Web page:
Davis landed at Trinity-Pawling as a 10th grader and immediately proved himself an incredible athlete. His senior year, after the starting quarterback abruptly left for another school, LaFontaine decided to put Davis at quarterback to run the option. Davis also started at cornerback, kick returner and punter.

“I swear he could punt in college,” LaFontaine said with a laugh. “He was like a 60-yard punter, I’m serious. And think about trying to defend him if he was back there at punter. ‘Are they really going to punt?’ He made it a lot of fun as a play-caller. No matter what you called, he’d make three people miss and go 50 yards for a touchdown.”

Davis’ football legend grew further at Blair Academy, a post-grad boarding school in Blairstown, New Jersey. He needed to go there to finish academic work. He played in only eight games, but rushed for 1,698 yards and 35 touchdowns.

An astounding 4,815 yards and 48 touchdowns in high school landed Davis a scholarship 100 miles south at Temple. But the American Athletic Conference could not contain Davis’ talents. He earned freshman All-American honors while gaining 1,017 total yards and 10 touchdowns in 2019 and left the school four games into the 2020 COVID-19 season. Davis made his way to Nashville, Tennessee, and Vanderbilt.

A season-ending toe injury cut short Davis’ 2021 campaign a week before the Commodores met Georgia in the fourth game of that season. It was just as well, as the Bulldogs rolled 62-0.

Davis was suited up for Vandy when they came to Athens in 2022. He managed only 29 yards on 12 carries as Georgia plowed its way to a 55-0 victory en route to a perfect season and a second consecutive national championship.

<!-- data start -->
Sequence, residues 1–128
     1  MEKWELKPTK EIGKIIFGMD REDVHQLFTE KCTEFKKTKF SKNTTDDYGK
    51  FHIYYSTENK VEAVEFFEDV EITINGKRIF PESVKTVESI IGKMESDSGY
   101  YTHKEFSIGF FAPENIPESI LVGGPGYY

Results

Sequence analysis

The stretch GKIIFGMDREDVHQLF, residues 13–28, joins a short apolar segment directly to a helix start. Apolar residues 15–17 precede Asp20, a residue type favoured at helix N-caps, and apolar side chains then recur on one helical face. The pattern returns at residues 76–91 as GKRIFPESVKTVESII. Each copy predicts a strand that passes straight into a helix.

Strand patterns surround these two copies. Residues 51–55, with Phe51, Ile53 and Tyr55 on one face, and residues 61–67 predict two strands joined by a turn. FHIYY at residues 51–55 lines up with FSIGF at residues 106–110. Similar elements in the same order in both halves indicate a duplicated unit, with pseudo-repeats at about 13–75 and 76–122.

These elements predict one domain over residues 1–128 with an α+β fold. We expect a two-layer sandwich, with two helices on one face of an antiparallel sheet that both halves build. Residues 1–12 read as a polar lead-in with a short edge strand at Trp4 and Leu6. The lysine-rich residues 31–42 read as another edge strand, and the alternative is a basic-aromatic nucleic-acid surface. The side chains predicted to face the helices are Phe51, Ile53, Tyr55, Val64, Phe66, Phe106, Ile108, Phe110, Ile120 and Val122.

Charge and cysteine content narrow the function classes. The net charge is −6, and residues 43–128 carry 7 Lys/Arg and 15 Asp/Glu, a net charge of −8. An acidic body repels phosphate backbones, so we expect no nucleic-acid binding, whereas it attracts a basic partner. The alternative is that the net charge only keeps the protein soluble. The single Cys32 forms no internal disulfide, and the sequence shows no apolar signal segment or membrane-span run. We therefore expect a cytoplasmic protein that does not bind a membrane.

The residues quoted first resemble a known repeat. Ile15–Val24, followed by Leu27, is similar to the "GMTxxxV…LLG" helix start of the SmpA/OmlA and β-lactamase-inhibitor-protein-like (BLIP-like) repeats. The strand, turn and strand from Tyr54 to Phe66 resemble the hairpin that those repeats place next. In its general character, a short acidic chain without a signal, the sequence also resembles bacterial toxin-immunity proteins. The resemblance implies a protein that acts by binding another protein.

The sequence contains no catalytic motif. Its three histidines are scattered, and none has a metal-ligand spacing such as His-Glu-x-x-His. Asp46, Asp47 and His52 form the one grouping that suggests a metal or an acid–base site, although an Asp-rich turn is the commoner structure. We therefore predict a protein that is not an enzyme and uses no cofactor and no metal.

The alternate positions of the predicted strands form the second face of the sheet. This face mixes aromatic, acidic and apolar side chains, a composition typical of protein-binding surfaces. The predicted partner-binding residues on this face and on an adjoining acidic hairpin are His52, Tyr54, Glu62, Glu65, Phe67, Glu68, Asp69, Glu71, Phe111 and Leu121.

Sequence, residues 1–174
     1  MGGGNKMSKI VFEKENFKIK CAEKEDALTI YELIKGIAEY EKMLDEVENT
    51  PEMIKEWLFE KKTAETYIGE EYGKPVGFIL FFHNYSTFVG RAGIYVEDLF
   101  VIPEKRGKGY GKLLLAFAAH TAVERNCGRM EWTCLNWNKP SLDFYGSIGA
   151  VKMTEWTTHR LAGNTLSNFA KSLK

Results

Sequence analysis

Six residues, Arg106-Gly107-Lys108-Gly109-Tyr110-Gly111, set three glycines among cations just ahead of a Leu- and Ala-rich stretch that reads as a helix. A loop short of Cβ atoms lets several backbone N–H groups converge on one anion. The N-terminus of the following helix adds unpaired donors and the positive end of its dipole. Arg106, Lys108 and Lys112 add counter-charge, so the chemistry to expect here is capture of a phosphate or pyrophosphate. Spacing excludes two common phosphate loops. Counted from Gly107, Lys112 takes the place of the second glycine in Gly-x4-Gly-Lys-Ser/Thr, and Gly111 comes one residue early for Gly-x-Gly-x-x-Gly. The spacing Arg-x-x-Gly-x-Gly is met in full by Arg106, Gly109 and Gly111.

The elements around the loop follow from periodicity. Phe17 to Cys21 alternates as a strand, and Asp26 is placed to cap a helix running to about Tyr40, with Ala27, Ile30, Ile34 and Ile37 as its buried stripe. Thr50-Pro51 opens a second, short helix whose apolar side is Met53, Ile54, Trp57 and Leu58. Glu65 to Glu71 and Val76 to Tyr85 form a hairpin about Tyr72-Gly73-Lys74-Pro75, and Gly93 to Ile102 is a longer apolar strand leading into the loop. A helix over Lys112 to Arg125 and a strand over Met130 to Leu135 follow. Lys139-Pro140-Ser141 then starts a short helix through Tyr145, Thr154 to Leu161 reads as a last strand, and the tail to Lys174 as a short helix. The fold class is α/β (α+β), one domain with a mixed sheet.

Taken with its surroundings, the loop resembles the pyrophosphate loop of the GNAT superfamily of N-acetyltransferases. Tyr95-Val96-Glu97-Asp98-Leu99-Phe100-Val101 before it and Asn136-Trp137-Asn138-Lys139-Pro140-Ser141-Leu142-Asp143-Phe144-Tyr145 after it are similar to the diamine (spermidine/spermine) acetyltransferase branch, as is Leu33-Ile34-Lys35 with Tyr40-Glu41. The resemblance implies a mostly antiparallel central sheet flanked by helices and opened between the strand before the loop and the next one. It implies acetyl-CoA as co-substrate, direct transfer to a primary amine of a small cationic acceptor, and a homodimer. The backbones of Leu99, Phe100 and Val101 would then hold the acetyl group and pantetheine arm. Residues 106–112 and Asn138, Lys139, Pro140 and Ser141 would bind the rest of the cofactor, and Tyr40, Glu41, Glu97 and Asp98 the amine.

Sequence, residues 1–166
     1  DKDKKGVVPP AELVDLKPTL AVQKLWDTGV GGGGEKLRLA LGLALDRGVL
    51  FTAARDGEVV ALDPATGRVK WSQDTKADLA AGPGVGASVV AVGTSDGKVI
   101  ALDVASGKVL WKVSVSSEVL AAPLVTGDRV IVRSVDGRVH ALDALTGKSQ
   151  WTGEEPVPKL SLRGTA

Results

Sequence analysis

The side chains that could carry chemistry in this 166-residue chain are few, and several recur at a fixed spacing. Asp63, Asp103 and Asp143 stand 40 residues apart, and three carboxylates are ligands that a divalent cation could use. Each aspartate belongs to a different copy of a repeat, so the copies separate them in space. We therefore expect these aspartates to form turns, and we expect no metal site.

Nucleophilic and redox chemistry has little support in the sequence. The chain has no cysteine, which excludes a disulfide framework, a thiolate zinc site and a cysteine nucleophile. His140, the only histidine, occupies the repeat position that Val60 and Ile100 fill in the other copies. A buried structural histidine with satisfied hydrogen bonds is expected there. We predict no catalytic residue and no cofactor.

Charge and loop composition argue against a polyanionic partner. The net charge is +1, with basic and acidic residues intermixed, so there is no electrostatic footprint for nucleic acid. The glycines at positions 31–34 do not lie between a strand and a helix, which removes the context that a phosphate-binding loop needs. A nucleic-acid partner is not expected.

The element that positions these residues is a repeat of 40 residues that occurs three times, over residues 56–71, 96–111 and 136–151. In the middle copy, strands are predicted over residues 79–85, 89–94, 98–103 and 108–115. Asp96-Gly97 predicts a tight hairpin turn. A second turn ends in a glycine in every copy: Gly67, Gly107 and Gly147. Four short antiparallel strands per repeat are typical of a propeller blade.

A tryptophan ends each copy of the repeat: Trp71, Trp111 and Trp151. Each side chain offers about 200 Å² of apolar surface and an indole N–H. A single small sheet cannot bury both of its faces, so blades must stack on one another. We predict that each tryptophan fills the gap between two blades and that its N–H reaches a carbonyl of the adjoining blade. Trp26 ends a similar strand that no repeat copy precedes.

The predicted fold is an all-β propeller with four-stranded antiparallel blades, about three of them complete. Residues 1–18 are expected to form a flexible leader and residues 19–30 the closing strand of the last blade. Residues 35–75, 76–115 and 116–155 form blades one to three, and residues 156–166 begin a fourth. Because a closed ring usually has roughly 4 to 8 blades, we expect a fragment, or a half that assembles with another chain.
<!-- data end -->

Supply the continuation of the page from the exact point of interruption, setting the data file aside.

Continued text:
Davis caught the eye of the Kentucky Wildcats that season when he ran for 129 yards and a touchdown as the Commodores snapped a 26-game SEC losing streak in upsetting Kentucky 24-21. Accordingly, the Wildcats and coach Mark Stoops were the first to raise their hands for Davis when he entered the transfer portal in December.

Apparently, there also were overtures exchanged between the Bulldogs and Davis during this interim. Details are sketchy, but Georgia coach Kirby Smart acknowledged Monday some communication occurred.

“Somebody said something to me that he might have expressed interest,” Smart said Monday. “I never knew that; I never talked to Ray, never had any conversations with him. To be honest with you, we were in a situation where we had some backs coming back. We felt really good about Branson, Kendall, Daijun and the guys we had. You’re always looking for a better player, but we weren’t actively pursuing anyone.”

Georgia probably could use Davis. Already below their traditional running-back numbers at the start of the season, the Bulldogs since have seen the position ravaged by injuries. Sophomore Branson Robinson (out for the season with knee injury), freshman Roderick Robinson (ankle) and senior Kendall Milton (knee) all have been sidelined for extended periods, while redshirt freshman Andrew Paul is being eased back into competition a year removed from an ACL reconstruction.

That has left senior Daijun Edwards as the Bulldogs’ only fully available, scholarship tailback, and he missed the first two games with an MCL sprain. Walk-on Cash Jones and converted split end Dillon Bell have gotten the majority of the carries left over by Edwards.

As Kentucky and Georgia prepare to meet as two of the SEC’s three remaining unbeatens, the Bulldogs’ prospects certainly would look better with Davis in red and black. But the 5-foot-10, 216-pound’s destiny long has been colored in Kentucky blue.

“Like I’ve told you before, most of these kids, when they go in the portal probably know where they’re going,” Smart said.

Indeed, it was the Wildcats’ reputation as “RBU” — in Davis’ mind, at least — that attracted him to the Bluegrass State. The school has produced two of the league’s top rushers in the past few years, Benny Snell and Chris Rodriguez.